Key Lawmaker Shifts Position to Pave Way for Online Poker in New York

When state senators in New York passed an online poker bill by a 53-5 margin last June, full passage of the legalization effort appeared to be a done deal.

But at that time, Assemblyman J. Gary Pretlow dampened enthusiasm considerably, expressing “pessimism” about the subject of regulating a statewide online poker industry. Soon enough, Pretlow was calling the bill “dead in his chamber,” and his prediction proved prescient, as the online poker package was left to languish in the Assembly.

It’s a new year, however, and with a new legislative session underway, Pretlow is making headlines once again – this time as a vocal supporter of online poker.

In an interview published by local news outlet FiOS1news.com on February 25, Pretlow outlined his revised stance on the subject:

“I had some issues with [online poker] in the past. If New Yorkers are going to participate in online poker, I want it to be the fairest it could possibly be.

I took a field trip, down to New Jersey, and I went to Atlantic City to meet with the Attorney General. We went over their geolocating apparatus … and I’m satisfied that geolocating works. I’m pretty satisfied that cheating isn’t going to take place.”

Pretlow detailed a specific concern of his, one shared by many lawmakers unfamiliar with modern geolocation technology, that players outside of New York could gain access to the state’s online poker rooms. But as he explained, that field trip to New Jersey provided clear proof that such services “cut right out” when a player leaves the state’s jurisdictional boundaries.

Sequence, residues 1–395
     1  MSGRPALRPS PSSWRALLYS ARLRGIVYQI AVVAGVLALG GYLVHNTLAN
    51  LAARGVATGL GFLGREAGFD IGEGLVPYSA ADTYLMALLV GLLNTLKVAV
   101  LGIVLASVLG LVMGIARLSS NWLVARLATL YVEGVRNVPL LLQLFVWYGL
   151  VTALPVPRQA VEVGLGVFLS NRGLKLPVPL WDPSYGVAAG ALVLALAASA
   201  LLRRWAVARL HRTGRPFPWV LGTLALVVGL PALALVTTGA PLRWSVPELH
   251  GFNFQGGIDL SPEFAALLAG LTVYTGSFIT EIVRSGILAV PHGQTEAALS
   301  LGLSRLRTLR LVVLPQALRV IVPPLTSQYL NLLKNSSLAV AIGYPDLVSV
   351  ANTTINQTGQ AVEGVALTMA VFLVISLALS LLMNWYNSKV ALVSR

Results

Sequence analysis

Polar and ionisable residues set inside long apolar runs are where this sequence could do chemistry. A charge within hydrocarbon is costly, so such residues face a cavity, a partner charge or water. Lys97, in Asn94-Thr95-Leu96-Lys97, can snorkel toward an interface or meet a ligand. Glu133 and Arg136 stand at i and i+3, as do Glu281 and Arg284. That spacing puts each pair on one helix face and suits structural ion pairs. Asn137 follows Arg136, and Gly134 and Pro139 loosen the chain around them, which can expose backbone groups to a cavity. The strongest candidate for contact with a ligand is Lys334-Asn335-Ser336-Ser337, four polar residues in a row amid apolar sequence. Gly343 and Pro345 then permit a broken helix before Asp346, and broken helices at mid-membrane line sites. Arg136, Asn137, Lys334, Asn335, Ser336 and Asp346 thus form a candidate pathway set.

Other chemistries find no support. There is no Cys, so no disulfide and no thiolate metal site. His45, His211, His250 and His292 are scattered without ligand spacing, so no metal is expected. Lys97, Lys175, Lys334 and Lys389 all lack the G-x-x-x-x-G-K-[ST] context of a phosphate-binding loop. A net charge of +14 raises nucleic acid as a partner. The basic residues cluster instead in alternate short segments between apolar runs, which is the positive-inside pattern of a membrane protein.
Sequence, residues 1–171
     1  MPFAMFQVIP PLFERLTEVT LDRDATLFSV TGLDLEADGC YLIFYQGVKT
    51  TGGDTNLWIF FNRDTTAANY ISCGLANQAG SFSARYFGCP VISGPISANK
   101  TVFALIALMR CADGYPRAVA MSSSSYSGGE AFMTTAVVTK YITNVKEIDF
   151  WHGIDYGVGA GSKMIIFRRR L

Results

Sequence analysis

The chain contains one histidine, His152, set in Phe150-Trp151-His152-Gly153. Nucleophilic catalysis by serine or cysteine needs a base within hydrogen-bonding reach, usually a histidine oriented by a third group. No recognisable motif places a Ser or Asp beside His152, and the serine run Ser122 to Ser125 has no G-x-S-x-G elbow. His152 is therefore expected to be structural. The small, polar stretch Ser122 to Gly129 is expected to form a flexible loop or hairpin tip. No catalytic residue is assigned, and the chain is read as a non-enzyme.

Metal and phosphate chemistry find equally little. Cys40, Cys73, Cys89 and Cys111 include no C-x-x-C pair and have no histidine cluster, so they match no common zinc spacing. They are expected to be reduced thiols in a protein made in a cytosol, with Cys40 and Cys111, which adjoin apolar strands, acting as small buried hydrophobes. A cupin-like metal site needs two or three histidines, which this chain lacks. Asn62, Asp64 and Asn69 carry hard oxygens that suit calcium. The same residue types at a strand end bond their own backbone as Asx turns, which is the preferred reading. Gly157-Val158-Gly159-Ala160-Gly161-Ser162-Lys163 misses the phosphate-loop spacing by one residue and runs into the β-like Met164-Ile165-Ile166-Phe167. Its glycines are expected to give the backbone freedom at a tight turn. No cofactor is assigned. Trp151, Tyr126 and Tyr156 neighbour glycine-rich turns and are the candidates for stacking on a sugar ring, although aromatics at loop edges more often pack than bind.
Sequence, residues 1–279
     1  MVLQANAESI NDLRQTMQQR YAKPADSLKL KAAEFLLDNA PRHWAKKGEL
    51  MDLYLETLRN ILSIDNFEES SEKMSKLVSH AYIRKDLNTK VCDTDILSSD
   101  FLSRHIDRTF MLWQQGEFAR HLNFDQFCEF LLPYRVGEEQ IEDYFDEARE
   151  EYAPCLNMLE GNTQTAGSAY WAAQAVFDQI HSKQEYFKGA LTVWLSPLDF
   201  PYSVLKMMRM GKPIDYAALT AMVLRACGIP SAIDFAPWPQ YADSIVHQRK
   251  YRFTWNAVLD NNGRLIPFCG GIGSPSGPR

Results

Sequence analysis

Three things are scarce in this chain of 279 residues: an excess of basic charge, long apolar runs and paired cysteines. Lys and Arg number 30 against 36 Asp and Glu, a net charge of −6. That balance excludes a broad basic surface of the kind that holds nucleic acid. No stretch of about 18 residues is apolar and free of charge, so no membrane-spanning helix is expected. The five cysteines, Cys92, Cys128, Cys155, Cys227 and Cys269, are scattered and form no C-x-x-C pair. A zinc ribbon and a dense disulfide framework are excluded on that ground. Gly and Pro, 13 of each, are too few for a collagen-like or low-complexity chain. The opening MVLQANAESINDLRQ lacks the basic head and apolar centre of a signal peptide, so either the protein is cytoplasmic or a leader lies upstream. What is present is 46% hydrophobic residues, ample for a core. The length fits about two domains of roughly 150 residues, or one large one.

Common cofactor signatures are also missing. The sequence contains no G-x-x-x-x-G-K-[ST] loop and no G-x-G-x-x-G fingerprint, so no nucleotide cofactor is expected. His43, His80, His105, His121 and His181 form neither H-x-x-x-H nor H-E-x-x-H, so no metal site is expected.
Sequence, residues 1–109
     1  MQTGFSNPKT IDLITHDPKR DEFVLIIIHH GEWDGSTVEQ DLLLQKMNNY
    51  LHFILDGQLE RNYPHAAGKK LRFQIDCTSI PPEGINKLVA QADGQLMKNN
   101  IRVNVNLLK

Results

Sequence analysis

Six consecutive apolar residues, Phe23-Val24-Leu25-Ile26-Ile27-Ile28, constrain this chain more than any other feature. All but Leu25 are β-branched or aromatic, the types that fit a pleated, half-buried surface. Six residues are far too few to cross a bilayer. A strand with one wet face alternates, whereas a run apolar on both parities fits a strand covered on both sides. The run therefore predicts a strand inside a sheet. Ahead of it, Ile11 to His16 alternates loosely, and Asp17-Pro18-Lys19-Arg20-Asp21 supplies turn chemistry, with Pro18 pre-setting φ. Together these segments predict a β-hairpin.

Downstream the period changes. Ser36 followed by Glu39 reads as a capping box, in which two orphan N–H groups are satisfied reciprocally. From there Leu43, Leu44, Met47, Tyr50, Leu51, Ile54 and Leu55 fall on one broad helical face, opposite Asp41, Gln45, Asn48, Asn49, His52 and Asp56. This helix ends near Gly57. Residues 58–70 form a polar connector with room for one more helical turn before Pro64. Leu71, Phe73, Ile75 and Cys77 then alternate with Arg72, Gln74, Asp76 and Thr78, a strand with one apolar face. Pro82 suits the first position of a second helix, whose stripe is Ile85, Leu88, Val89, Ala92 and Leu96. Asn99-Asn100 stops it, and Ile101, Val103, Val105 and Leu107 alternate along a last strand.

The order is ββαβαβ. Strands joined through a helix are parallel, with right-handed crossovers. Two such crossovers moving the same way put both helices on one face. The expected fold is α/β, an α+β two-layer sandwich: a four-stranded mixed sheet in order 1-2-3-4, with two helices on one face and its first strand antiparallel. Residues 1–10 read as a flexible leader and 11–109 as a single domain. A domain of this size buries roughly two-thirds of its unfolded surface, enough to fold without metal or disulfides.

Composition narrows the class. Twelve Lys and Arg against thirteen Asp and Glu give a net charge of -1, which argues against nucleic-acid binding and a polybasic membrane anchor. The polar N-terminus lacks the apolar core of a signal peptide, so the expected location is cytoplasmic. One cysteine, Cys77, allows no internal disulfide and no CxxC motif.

As the Chairman of the Committee on Racing and Wagering, and a 25-year veteran of the Assembly, Pretlow’s appraisal of any gambling legislation is well-respected among his peers. For this reason, combined with the Senate’s nearly unanimous support in June, iGaming industry experts have heralded Pretlow’s reconsideration as a potential game-changer.

Currently, a pair of identical bills are being considered by the state’s Senate and Assembly, with Pretlow himself serving as the sponsor for A-5250. The bills are carbon copies of last year’s effort, which received overwhelming support in the Senate before stalling in the Assembly.

Under the proposed legislation, players 21 and older who are physically located within the state of New York would be permitted to risk real money in online poker games. Poker itself would henceforth be defined as a “game of skill” under state law, and potential player sharing compacts with other states would be authorized.

Up to 11 operator’s licenses would be issued to various brick and mortar casino establishments throughout New York, at a cost of $10 million per. These licensees would then partner with iGaming servicers like PokerStars, PartyPoker, and 888 Poker to launch affiliated online poker rooms.

The resulting gross gaming revenue would be taxed at a rate of 15 percent.

Pretlow was careful to couch his optimistic outlook by observing that “there are some individuals within the administration that are really opposed to this,” a reference to Governor Andrew Cuomo’s government.

Even so, Pretlow expressed confidence that his role as a senior leader within the Assembly would hold sufficient sway to ensure eventual passage:

“When I do sign off on something, my colleagues feel that it is a good deal and they don’t question why I made a certain decision. They know that if that decision was made, it’s for good reason. So, I don’t really see that there’s going to be much opposition to moving this along.”